As the rest of the world is learning and we natives have always known, Canada is a golf hotbed. In fact, we have “the highest per capita participation rate in the world,” according to Scott Simmons, CEO of Golf Canada.
On Heritage Day, we thought it would be fitting to mention some of the important people who are the foundation of our national love affair. Of course, there are far too many to be listed here and we regret that so many deserving people will go unmentioned, but they are all included in the spirit of this message, if not the letters.
We continue with the women:
We are always proud when we get a chance to host this legendary player at Osprey - as seen in the accompanying photo of Marlene on the Heathlands #8 green this past summer (by our own Scott Brook).
Already a member of the Canadian Golf Hall of Fame and Canada’s Sports Hall of Fame, Marlene’s 2004 induction into the World Golf Hall of Fame (the first Canadian so honoured) completed an unmatched trifecta of recognition. Her two Lou Marsh Trophy awards and admission into the Order of Canada go even further to mark as unique.
With a major amateur victory in each of five decades, capped by a 2003 USGA Senior’s championship win at age 69, she is “quite simply the most successful amateur golfer in Canadian history” with a career that Dawn Coe-Jones referred to as “something that might not be done again.”
Outside of her role as a player, Marlene has worked to improve opportunities for young golfers and Canadian women through selfless dedication and the Marlene Streit Awards Fund.
Of all the names in Canadian Golf, there may be none bigger than Sandra Post. After a strong amateur career, she became Canada’s first player on the LPGA Tour where she became an instant sensation when she stunned the golf world by becoming the first rookie, first Canadian, and first foreigner to win the LPGA Championship in 1968 and later garnering rookie of the year honours.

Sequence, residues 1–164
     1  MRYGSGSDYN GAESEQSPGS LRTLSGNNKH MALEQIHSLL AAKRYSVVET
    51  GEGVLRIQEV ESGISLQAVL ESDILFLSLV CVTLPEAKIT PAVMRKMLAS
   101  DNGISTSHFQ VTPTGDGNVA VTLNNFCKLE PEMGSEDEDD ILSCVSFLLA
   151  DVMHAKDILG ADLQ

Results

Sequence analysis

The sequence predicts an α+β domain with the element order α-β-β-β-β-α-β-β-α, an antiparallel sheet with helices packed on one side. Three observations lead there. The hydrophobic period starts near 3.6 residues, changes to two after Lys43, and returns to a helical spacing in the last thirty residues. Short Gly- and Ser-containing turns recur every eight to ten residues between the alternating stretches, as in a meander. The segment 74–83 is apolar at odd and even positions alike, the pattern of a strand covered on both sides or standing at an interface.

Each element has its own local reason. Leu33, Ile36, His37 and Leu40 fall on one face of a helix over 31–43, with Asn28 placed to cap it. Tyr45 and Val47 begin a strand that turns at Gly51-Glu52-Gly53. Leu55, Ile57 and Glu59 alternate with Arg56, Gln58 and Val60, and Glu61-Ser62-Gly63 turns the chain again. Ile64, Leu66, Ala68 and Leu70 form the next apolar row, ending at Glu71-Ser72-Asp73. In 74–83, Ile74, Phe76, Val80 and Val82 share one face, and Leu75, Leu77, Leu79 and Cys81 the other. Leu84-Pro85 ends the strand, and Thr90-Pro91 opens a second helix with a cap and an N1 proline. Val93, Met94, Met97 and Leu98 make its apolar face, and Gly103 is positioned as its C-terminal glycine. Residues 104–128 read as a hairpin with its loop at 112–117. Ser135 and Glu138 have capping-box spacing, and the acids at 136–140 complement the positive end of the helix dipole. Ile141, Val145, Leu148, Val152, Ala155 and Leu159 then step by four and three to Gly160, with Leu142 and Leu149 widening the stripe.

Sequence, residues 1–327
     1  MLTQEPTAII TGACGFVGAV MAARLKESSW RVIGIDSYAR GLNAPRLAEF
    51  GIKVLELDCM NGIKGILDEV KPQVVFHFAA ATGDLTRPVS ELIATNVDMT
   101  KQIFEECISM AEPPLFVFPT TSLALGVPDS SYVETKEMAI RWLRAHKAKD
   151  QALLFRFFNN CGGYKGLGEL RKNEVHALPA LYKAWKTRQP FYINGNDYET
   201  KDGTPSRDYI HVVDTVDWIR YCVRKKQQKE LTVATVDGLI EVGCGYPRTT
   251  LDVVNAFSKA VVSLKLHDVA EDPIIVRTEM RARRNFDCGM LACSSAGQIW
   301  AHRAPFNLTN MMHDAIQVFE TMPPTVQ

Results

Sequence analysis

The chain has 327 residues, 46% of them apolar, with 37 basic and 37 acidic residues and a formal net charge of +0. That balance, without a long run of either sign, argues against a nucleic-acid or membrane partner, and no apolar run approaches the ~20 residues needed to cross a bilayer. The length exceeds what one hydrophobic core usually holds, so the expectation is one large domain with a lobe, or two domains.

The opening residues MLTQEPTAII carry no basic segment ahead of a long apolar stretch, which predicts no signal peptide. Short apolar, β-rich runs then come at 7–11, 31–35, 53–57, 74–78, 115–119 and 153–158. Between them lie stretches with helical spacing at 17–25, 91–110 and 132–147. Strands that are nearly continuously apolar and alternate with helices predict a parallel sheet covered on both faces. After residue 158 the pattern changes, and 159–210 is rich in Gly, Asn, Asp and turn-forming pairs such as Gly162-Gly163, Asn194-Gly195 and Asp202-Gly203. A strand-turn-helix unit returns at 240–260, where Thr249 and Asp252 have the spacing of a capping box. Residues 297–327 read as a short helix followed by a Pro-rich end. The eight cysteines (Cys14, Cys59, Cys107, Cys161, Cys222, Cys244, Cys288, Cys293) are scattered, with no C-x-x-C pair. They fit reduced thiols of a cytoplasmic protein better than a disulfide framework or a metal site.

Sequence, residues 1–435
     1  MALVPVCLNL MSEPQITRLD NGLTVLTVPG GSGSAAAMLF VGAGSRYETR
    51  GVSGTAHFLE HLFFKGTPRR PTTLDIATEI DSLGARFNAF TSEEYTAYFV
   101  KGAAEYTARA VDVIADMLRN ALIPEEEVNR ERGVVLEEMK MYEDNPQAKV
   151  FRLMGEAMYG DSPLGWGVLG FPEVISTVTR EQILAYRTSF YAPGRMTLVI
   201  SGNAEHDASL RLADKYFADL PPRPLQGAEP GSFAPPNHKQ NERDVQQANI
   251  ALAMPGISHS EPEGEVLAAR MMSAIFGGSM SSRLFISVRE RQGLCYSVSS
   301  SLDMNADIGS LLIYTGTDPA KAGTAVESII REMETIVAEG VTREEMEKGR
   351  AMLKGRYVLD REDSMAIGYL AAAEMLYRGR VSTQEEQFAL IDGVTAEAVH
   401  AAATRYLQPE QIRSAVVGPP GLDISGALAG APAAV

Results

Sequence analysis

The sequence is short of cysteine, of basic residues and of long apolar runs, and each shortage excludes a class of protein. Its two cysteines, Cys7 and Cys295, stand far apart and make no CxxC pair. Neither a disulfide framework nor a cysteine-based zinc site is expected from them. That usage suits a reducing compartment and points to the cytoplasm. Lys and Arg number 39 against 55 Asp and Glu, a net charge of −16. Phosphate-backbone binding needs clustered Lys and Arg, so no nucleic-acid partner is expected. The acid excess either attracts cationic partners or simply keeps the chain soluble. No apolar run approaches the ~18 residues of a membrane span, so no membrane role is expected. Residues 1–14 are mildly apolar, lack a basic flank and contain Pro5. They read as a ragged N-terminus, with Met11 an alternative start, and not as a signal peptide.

The career that followed lived up to its early promise as she established herself as one of the tour’s most tenacious players and enduring contenders ultimately winning a total of eight LPGA events and finishing second 20 times. Her achievements won her the 1979 Lou Marsh Trophy along with induction into the Canadian Golf Hall of Fame and Canada’s Sports Hall of Fame.
She has remained active in the golf world since retiring from competition, working regularly as a golf commentator on ABC, CTV, and TSN. She is one of Canada’s foremost golf instructors, operating the Sandra Post Golf School not too far from Osprey at Caledon’s Glen Eagle Golf Club. She was named to the Order of Canada in 2004 for her ongoing efforts to bring Canadian women to the forefront of the international golfing world.
As a player, Florence was an accomplished amateur golfer, winning the Canadian Ladies’ Championship twice (1903, ‘04) and the Ontario Ladies’ Championship four times (1904, ‘06, ‘13, ‘14).
Additionally, she was a staunch advocate of women’s golf and made a major contribution to the development of women’s golf in Canada as founder and Organizing Secretary of the Canadian branch of the Ladies’ Golf Union (now the Canadian Ladies’ Golf Association).
During World War I, Florence helped women golfers raise money to buy an ambulance for the Scottish Women’s Hospitals in Serbia where she volunteered with the Red Cross as an ambulance driver. During World War II, the CLGU continued these efforts, raising $82,000 and purchasing a Spitfire for presentation to the British Government, three mobile kitchens, three Fordson vans, an ambulance as well as made donations to the relief of child victims of the war, the Hospital for Sick Children, and the Royal Canadian Navy.